Monday, November 29, 2010

Over Active Imagination

Thanksgiving has to be my favorite of all American holidays. There's no agenda, other than sharing thanks and a meal with family, friends and neighbors. I've been particularly looking forward to this Thanksgiving this year. Art and life have been on full blast for the last couple of months. Just to slow down for a day of two was a thought to relish. Did I slow down last week? Not really, but that's a different story.

Imagine, after a week full of Thanksgiving and ensuing festivities, the house was in a state of upheaval. Many things had been left undone. There were extra chairs to put away, dishes to store, sheets and towels to clean, etc.... Therefore, since 6:30 this fine Monday morning, (I started writing this yesterday) I've been in zombie-like focused cleaning mode -- tired, mostly coherent, but determined to get everything done.

At one point in the early afternoon, I heard a loud hissing outside. Not recognizing the sound, I went outside to see if I could tell what it was. It was with great alarm that I smelled natural gas.

Now, years ago, either my grandmother or my mother gave me annual subscriptions to Reader's Digest. Even though I haven't read it in ages, to this day, whatever aches and pains I think "might" be a sign of a serious condition, Reese blames it on Reader's Digest syndrome. Apparently he's tired of perpetual self diagnosing, fueled by constant reading of random incidents and illnesses as condensed by Reader's Digest. (The Reader's Digest Illness of the Month Club is what Reese calls it, as he rolls his eyes. And by the way, I'm in excellent health.)

I REMEMBER reading in Reader's Digest about a horrible natural gas explosion that killed almost an entire elementary school in the 30's or 40's. And, I REMEMBER reading about similar natural gas my freak-out-O-meter was in hyper mode. Flustered and exhausted, I walked outside....shoeless.

Thinking that our house, or the neighbor's house could blow up at any minute, I grabbed the phone to call 311. (311 is Houston's help line.) As soon as I explained the gas smell, 311 connected me immediately to 911. In the middle of the conversation explaining the powerful gas smell to the 911 operator, I heard sirens. Someone else had reported the leak, too. It's the fire trucks to the rescue.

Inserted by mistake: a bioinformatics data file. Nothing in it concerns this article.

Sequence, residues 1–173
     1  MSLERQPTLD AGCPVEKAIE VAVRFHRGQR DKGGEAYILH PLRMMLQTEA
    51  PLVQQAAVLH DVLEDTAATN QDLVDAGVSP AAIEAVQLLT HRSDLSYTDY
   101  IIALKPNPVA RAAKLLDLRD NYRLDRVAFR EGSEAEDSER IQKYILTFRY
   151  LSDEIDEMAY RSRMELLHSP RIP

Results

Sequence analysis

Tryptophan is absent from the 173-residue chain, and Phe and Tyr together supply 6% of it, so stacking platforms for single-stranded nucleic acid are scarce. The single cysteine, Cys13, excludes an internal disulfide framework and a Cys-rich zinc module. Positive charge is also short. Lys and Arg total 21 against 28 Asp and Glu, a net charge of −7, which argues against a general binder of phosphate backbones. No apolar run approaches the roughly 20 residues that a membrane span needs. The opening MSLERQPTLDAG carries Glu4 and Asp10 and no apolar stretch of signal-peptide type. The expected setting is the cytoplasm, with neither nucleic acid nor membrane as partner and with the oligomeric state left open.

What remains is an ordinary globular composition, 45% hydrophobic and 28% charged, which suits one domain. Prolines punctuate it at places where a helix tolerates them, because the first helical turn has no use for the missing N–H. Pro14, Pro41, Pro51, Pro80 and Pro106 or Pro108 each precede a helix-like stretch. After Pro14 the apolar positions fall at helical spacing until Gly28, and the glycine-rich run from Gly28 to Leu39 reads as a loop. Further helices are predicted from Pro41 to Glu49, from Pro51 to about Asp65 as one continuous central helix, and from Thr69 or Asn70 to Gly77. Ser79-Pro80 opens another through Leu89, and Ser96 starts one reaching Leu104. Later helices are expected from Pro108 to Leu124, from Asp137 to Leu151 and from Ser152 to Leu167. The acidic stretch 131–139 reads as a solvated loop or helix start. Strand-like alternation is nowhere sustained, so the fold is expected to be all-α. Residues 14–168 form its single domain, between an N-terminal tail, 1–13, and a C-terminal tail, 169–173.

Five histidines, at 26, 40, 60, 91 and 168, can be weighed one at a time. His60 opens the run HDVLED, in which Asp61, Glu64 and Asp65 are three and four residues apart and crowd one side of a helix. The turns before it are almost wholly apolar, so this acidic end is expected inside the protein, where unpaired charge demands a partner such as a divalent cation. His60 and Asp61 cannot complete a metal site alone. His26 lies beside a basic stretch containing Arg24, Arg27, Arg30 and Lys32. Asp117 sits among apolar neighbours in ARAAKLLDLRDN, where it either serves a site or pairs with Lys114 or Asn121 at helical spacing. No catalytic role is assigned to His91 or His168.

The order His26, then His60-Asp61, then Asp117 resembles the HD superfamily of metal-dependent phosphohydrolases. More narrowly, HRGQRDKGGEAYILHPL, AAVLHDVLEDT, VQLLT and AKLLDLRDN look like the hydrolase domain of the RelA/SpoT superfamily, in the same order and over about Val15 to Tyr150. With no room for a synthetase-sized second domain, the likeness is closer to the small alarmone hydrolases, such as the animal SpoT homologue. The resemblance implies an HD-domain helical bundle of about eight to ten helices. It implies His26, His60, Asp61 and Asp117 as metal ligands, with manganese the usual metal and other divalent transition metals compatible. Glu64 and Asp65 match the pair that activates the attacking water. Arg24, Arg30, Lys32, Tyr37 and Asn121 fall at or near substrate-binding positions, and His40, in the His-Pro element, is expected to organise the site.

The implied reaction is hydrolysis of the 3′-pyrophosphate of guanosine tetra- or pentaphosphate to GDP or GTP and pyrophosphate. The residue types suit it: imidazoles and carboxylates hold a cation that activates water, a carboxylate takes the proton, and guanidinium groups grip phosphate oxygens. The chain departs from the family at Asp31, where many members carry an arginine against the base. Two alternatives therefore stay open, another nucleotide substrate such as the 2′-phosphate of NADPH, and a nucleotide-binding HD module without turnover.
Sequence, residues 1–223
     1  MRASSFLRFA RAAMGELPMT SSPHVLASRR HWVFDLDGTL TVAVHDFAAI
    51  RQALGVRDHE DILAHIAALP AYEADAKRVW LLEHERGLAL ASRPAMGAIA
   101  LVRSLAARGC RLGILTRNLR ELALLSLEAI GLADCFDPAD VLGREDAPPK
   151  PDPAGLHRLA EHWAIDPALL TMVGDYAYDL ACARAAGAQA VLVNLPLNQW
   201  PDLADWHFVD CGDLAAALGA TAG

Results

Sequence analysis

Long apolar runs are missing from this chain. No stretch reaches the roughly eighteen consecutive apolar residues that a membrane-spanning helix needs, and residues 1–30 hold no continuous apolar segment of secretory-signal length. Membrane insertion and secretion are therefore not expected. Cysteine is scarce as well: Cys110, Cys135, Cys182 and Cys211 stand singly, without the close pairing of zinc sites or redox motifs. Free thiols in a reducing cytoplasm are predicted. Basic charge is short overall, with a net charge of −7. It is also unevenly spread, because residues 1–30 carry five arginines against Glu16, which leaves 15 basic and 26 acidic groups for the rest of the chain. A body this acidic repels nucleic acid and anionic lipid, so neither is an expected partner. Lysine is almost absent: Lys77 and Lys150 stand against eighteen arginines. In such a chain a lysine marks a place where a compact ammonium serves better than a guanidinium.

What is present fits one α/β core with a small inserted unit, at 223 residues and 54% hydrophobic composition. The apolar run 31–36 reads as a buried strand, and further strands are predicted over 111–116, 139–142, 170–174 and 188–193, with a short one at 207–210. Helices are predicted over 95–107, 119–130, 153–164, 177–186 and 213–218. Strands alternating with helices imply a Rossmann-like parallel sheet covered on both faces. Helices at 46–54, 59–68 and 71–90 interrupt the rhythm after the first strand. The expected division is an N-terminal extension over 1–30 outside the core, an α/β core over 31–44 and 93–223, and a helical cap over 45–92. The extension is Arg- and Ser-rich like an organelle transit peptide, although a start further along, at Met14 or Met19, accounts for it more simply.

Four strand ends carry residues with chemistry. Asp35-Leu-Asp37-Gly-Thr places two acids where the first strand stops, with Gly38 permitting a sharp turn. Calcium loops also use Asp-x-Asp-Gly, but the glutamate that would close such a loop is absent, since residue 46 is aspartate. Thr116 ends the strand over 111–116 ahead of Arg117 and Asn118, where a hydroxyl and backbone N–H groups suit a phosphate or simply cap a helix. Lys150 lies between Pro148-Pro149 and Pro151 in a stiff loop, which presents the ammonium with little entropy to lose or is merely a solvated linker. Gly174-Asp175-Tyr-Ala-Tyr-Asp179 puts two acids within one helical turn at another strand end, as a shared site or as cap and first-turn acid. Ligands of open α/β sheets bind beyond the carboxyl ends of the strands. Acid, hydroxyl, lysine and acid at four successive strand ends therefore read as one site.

If the house was about to explode, and I was to be charred to bits in a newsworthy horrific fire, I wanted my family to be able to identify my body. I hurried inside, which Reader's Digest says to NEVER do, grabbed my wedding ring, pearl earrings, the ivory bracelet I wear everyday -- AND my pink Chucks. My pink Chucks that I paid all of $6 for at a re-sale shop. My pink Chucks that are worth $3 a foot. That's it. That's all I grabbed.

Not convinced that my house wasn't going to blow up, I walked around the block (shod in pink Chucks and wearing identifiable jewelry) to the corner to ask the firemen about the possibility of a gas explosion. They tried to assure me that nothing was wrong, but by the time I walked back to our house, the firemen were knocking on doors on our block to alert ME and two other neighbors of possible danger. They told me to go inside. INSIDE! Aaaaaaaaah!!! Am I the only one alarmed by the situation? What if, like in a Hollywood movie, the house blows up as soon as I open the door?

But like with a lot of things in (my) life, my imagination got the best of me. Nothing happened. The house did not explode. There were no natural gas explosions on the block. The leak is fixed. I'm alive and in excellent health, except for the occasional shudder as I IMAGINE what MIGHT have happened. I AM wearing my pink Chucks today, ready to run out the door at a moments notice....just in case.

True Story.


Fern said...

Thankful that you and the house are safe! What an adrenaline rush!

Sarah Hazel said...

I know, right!?